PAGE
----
If you're in the media business, there are two kinds of trends you should look out for at this year's Mobile World Congress (MWC): those that will change the world of entertainment and those that will change the world of the consumer. If you're not thinking about both already, take this chance to start.
Trends that will change the world of entertainment
The intersection of media and mobility will be of greater debate at this year's MWC than ever before. Here are our three key trends:
A turning point for mobile video. Netflix, big media brands, and other providers of online video services will call for new modes of collaboration with mobile operators that will change how content is packaged, consumed, and monetized.
Toward a video-grade Internet. Vendors will reveal technologies aimed at improving the quality and economics of delivering live streams, 4K ultra-high definition (UHD), virtual reality (VR), and other forms of video-to-mobile devices that will redraw roles of operators, CDN providers, and Internet platforms in the delivery of content.
Virtual reality evolution, not revolution. Expect moderate progress with more transformative forms of media, as device manufacturers unveil a second wave of VR headsets that improve on last year's largely mediocre devices and various parties seek to copy Pokémon Go's success with augmented reality.
Trends that will change the world of the consumer
MWC will also be a showcase for consumer technologies that impact consumers in more far-reaching ways, related to these themes:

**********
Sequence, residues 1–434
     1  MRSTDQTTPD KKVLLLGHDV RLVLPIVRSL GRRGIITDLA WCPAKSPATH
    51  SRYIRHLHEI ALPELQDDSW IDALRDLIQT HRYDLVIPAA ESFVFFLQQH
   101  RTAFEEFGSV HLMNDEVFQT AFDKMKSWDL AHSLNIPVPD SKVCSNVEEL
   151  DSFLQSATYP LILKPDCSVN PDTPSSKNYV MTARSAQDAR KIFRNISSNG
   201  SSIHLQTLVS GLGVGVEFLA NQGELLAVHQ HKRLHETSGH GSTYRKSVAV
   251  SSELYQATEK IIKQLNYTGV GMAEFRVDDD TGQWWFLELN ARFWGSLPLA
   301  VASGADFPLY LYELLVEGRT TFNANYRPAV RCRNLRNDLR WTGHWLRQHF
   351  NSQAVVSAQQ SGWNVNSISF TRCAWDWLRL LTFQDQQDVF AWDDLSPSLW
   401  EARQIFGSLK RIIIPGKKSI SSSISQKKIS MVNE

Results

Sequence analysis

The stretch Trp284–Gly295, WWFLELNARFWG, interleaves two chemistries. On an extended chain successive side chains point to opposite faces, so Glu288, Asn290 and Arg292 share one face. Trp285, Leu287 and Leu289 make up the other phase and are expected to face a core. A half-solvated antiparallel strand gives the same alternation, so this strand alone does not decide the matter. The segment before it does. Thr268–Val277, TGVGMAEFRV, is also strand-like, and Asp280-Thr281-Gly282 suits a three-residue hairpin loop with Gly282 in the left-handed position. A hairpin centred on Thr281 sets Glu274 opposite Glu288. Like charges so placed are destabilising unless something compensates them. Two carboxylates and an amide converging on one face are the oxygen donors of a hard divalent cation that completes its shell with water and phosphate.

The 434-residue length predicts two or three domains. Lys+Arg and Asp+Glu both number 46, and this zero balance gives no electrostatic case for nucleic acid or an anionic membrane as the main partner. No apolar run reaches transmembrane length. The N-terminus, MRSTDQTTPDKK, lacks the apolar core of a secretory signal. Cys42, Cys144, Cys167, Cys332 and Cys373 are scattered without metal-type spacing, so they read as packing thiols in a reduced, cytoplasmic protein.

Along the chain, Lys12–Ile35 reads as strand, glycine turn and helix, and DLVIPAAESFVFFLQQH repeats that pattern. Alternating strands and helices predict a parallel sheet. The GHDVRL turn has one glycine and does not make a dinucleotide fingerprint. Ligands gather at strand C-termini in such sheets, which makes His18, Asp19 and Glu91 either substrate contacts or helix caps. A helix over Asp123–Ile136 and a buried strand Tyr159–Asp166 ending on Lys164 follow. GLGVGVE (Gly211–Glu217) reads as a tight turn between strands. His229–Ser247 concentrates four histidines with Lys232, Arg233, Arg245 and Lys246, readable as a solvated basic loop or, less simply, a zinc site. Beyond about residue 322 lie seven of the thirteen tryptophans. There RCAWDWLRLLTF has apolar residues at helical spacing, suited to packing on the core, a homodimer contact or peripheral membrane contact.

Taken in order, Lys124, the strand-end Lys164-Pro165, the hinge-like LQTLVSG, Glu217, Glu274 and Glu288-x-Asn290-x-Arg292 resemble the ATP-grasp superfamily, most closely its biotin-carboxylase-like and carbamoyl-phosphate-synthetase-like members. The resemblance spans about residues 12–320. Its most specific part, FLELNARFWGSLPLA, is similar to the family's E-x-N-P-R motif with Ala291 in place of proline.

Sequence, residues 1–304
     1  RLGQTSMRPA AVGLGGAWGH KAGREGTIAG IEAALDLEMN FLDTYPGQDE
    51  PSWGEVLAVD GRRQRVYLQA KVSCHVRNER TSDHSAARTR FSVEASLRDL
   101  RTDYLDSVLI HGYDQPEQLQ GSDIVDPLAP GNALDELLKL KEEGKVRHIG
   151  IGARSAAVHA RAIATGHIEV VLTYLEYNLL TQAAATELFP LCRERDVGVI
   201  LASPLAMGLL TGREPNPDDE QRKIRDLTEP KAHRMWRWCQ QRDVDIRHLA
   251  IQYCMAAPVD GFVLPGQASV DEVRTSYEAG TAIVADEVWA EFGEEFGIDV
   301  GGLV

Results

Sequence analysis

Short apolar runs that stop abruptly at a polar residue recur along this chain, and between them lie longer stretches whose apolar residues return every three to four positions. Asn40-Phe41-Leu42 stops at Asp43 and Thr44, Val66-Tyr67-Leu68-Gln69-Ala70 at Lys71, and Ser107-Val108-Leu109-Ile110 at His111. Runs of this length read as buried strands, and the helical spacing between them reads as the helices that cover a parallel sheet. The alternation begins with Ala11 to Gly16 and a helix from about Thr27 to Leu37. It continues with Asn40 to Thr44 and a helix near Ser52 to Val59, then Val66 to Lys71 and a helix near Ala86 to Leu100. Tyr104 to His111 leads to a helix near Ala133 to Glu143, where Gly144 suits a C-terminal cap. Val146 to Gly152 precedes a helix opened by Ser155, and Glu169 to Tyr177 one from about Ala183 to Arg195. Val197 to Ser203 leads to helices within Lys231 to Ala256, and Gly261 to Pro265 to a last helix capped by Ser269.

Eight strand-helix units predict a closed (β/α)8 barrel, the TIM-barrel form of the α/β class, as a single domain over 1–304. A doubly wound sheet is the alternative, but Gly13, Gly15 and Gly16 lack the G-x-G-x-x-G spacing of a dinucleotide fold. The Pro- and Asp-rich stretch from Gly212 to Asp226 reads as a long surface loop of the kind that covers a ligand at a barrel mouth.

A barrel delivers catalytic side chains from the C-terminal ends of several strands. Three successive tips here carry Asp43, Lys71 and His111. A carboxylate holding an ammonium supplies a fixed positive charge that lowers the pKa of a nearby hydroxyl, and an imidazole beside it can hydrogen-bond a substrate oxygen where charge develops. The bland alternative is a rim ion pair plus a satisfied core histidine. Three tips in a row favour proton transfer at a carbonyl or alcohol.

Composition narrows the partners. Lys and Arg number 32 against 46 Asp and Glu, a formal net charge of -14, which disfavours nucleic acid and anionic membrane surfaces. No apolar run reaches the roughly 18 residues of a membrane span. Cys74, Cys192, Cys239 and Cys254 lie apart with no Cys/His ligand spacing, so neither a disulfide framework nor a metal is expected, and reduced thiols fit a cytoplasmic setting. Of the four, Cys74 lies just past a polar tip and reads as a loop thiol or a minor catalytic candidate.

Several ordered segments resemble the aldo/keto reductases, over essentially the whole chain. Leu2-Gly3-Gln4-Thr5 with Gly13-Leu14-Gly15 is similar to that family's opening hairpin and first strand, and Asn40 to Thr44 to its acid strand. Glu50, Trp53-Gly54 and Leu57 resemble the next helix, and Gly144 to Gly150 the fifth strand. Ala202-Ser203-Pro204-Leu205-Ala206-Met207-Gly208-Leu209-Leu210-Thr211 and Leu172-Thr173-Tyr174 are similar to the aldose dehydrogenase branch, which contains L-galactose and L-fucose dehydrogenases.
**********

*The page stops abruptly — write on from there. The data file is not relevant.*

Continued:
The rise of chat apps as platforms. Expect plenty of discussion about how social apps like Facebook Messenger, WeChat, and Snapchat are extending their role beyond person-to-person communication to multiple aspects of consumers' lives, including their sources of entertainment.
The smart home becomes reality. The noise about smart energy, smart security, and other "conventional" smart home services will obscure the bigger picture: the battle to control the home. This is a big deal for media companies, given that the home is the one place where most people spend most of their time and consume the most premium content.
Artificial intelligence will be everywhere. Digital assistants like Amazon's Alexa and Google Assistant will play a central role in this battle, using devices like Amazon Echo and Google Home as a launchpad to permeate other parts of the consumers' world, such as their hi-fi systems, TVs, and cars.
The implications of the "augmented customer"
The ways in which these technologies enhance, automate, and generally "augment" the lives of consumers will raise some huge questions for media companies, such as
What will be the impact on conventional media as chat apps transform consumers' ability to create, share, and discover content?
How will smart home technologies like Amazon Echo and Alexa change how media is discovered, used, and monetized?
What happens when virtual agents like Google Assistant start making entertainment choices for your customers?
Don't expect to find all the answers at the MWC; these scenarios – and many, many others – will play out over several years. But if you don't ask, you might miss your chance to shape these crucial conversations.
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